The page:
EAST LANSING, Mich. - The Michigan State University Board of Trustees on Friday extended to incoming freshman the MSU Tuition Guarantee promising to hold tuition increases to a minimum for the next four years. The Board also approved an undergraduate tuition increase of 2.3 percent for the 1999-2000 year.
The 2.3 percent increase - equal to what was approved last year - kept the university's tuition hikes at their lowest rates since the mid-1980s. It also reaffirms the university's promise to keep the cost of high-quality higher education accessible and affordable, MSU President Peter McPherson said.
"The MSU Tuition Guarantee continues," McPherson said. "Our Tuition Guarantee, formulated in December of 1994, set a standard for keeping tuition increases in check, and the university remains committed to that standard." "We're promising incoming freshman that their tuition will increase no more than the approximate rate of inflation during the four years it should take them to graduate, provided that we receive inflation-adjusted support from the state.
"This will be one of the lowest, if not the lowest, tuition increase among Michigan public universities. In a time when many universities around the country are increasing tuition 4 percent or more, it's a standard we're pleased to set."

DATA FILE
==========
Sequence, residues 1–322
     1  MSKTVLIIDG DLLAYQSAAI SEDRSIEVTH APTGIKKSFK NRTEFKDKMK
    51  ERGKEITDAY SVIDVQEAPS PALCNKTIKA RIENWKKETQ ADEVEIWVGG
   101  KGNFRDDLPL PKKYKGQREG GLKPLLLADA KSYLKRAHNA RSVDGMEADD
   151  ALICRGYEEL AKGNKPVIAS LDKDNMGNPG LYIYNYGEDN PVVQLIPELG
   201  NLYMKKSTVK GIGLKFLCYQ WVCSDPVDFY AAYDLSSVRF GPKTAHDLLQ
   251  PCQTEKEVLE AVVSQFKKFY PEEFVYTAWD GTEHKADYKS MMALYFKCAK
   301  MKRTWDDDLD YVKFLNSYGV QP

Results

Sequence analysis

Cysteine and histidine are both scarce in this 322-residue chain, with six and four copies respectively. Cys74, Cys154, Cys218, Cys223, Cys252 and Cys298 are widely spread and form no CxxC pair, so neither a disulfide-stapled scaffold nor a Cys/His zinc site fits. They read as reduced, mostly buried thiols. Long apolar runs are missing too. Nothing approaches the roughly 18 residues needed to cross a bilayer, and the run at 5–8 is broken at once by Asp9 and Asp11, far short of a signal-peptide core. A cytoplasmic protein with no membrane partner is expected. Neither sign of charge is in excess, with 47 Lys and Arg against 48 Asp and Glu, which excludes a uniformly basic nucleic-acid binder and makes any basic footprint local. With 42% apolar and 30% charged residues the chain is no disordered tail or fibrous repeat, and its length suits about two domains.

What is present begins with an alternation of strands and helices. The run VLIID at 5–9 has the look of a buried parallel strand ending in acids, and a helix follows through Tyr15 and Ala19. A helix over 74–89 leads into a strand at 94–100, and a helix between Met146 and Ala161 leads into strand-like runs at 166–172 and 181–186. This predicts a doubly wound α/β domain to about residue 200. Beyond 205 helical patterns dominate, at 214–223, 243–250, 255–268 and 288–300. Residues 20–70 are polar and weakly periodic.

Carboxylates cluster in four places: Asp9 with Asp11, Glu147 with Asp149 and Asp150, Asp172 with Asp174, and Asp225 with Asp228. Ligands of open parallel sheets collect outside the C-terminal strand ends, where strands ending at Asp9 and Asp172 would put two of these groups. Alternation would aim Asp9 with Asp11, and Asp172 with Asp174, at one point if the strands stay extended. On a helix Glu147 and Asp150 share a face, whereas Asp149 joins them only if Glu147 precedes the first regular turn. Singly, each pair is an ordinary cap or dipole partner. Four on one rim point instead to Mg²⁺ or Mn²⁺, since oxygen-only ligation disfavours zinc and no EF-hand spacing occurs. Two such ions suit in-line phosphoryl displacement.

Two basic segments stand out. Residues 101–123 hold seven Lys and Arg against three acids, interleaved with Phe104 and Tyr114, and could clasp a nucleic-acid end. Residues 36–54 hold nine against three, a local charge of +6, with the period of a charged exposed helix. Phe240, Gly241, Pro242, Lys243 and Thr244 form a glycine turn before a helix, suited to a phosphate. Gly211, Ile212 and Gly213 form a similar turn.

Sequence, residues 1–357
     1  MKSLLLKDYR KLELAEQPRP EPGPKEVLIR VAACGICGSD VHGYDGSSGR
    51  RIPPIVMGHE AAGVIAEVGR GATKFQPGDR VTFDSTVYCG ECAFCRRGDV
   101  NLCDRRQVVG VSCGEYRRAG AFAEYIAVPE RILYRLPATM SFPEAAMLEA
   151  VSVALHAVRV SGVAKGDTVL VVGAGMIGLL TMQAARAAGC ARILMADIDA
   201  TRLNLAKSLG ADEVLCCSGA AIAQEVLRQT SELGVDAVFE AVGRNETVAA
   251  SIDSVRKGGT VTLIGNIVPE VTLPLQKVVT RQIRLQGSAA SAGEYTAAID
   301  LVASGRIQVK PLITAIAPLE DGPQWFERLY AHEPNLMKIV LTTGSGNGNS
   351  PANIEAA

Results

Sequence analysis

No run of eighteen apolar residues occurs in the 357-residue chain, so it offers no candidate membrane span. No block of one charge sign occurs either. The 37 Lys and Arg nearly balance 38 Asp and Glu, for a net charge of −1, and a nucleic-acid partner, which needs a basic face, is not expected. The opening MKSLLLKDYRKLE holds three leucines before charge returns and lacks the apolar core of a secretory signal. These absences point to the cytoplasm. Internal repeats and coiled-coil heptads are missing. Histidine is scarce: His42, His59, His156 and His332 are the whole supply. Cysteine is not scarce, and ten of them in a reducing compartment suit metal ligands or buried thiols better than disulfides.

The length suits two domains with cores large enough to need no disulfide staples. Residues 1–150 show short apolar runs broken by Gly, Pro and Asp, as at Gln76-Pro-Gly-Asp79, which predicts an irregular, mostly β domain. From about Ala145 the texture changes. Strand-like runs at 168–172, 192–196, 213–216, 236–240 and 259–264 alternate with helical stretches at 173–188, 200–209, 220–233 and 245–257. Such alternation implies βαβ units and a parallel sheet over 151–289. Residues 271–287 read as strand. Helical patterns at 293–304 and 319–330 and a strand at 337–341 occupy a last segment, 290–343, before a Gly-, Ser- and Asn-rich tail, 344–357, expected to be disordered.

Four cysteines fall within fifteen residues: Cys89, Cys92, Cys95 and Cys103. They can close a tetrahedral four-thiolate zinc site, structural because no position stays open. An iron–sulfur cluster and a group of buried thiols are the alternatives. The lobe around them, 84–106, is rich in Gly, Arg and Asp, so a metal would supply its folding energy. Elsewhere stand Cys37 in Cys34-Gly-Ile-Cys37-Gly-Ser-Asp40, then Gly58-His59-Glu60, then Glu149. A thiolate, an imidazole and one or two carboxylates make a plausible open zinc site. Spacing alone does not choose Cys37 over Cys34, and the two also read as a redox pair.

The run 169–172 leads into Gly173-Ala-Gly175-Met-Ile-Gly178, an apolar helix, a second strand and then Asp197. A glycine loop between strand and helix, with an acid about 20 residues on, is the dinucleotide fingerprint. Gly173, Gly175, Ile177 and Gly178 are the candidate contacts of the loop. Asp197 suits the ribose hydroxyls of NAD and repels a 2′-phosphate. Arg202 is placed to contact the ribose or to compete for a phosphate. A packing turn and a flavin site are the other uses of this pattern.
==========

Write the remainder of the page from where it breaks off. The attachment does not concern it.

Under the plan, lower division undergraduate students - typically freshmen and sophomores - will pay $147.25 per credit. Upper division undergraduates will pay $164 per credit. That means that the typical in-state MSU undergraduate student who lives in on-campus housing will pay about $9,000 per academic year.
Tuition will rise 3 percent for graduate students. Financial aid also will be raised 3 percent, as will wages for students who work on campus and wages for graduate assistants.
The final university budget will be established for consideration by the board in July.